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Cummington, Massachusetts facts for kids

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Cummington, Massachusetts
Former Cummington Fire Department headquarters
Former Cummington Fire Department headquarters
Official seal of Cummington, Massachusetts
Location in Hampshire County in Massachusetts
Country United States
State Massachusetts
County Hampshire County
Settled 1762
Incorporated 1779
 • Type Open town meeting
 • Total 23.1 sq mi (59.7 km2)
 • Land 22.9 sq mi (59.3 km2)
 • Water 0.1 sq mi (0.3 km2)
1,519 ft (463 m)
 • Total 829
 • Density 35.96/sq mi (13.886/km2)
Time zone UTC−5 (Eastern)
 • Summer (DST) UTC−4 (Eastern)
ZIP Code
Area code(s) 413 Exchange: 634
FIPS code 25-16040
GNIS feature ID 0618198

Cummington is a town in Hampshire County, Massachusetts, United States. The population was 829 at the 2020 census, down from 872 at the 2010 census. It is part of the Springfield, Massachusetts Metropolitan Statistical Area.


Cummington was first settled in 1762 and was officially incorporated in 1779. It was named after Colonel John Cumings, the original landholder.

The first Congregational Church minister was Rev. James Briggs (1743 - 1825) of Norton, Massachusetts, and a graduate of Yale College around 1775. Briggs was the son of Deacon James and Damaris (White) Briggs, and the husband of Anna Wiswall.

Although a small town, several Revolutionary War patriots are buried there, including Nathaniel Holbrook, Seth Wilder, Sr., and Seth Wilder, Jr.

Noted poet and newspaper editor William Cullen Bryant was born in Cummington, and returned for many years to summer in the town. His house is now preserved and open to the public as the William Cullen Bryant Homestead. The town hosts the Cummington Fair every August on the town's fairgrounds. The fair features many events including adult and 4-H exhibition halls, a craft barn, vaudeville stage, antique car parade, oxen pull, and an assortment of fair rides, games, and food stands.

The town was the subject of a 1945 documentary film, The Cummington Story, about the welcome given to a group of European refugees.


According to the United States Census Bureau, the town has a total area of 23.0 square miles (60 km2), all land. The East Branch of the Westfield River flows through Cummington.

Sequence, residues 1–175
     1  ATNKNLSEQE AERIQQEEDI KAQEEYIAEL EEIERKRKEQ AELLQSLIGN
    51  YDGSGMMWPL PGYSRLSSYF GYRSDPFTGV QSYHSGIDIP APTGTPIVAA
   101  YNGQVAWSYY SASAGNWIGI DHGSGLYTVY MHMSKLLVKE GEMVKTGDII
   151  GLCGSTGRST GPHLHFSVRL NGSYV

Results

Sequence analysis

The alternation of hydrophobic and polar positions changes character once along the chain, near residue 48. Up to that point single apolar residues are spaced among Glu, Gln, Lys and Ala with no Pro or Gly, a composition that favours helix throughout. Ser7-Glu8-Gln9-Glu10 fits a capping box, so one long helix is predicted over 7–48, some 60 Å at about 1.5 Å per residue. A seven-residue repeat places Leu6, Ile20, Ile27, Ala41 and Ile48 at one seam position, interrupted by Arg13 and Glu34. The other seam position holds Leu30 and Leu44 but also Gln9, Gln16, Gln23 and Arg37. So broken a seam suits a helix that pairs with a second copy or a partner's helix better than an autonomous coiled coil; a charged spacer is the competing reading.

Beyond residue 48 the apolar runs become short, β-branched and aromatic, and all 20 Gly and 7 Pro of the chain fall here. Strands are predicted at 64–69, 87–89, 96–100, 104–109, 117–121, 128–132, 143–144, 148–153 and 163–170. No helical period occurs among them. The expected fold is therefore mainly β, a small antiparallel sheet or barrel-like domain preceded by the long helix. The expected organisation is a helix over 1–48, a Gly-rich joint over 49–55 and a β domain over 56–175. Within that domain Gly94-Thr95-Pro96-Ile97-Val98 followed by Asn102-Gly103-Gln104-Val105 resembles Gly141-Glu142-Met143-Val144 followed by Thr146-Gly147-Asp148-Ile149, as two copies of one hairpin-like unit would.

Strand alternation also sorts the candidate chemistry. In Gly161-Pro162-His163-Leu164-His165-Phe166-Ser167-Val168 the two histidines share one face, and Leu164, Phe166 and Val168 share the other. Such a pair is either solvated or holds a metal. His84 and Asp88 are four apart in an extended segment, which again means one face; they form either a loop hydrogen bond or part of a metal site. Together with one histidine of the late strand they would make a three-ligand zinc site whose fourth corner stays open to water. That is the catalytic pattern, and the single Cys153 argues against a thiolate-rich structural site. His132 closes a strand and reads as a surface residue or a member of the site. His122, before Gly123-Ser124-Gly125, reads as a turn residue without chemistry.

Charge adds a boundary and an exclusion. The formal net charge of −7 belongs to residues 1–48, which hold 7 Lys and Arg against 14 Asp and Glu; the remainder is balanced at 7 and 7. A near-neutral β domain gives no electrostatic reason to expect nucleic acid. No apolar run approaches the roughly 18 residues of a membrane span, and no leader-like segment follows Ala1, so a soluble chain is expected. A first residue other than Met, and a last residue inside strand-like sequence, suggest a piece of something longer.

The mineral cummingtonite was first found in this town and was named after it.


As of the census of 2000, there were 978 people, 382 households, and 239 families residing in the town. The population density was 42.4 people per square mile (16.4/km2). There were 452 housing units at an average density of 19.6 per square mile (7.6/km2). The racial makeup of the town was 96.42% White, 0.61% African American, 0.41% Native American, 0.31% Asian, 0.51% from other races, and 1.74% from two or more races. Hispanic or Latino of any race were 3.27% of the population.

There were 382 households, out of which 24.3% had children under the age of 18 living with them, 54.2% were married couples living together, 5.8% had a female householder with no husband present, and 37.4% were non-families. 28.0% of all households were made up of individuals, and 10.2% had someone living alone who was 65 years of age or older. The average household size was 2.26 and the average family size was 2.77.

In the town, the population was spread out, with 27.9% under the age of 18, 5.7% from 18 to 24, 30.3% from 25 to 44, 24.8% from 45 to 64, and 11.2% who were 65 years of age or older. The median age was 38 years. For every 100 females, there were 102.5 males. For every 100 females age 18 and over, there were 92.1 males.

The median income for a household in the town was $42,250, and the median income for a family was $48,750. Males had a median income of $31,765 versus $27,279 for females. The per capita income for the town was $21,553. About 4.2% of families and 6.6% of the population were below the poverty line, including 5.7% of those under age 18 and none of those age 65 or over.

Points of interest


Cummington is part of the Central Berkshire Regional School District, along with Becket, Dalton, Hinsdale, Peru, Washington, and Windsor. Elementary school students attend Craneville School, middle school students attend Nessacus Regional Middle School, and high school students attend Wahconah Regional High School

Notable people

See also

Kids robot.svg In Spanish: Cummington (Massachusetts) para niños

National Hispanic Heritage Month on Kiddle
Influential Hispanic politicians
Carlos Gutierrez
Sonia Sotomayor
Alberto Gonzales
Susana Martinez
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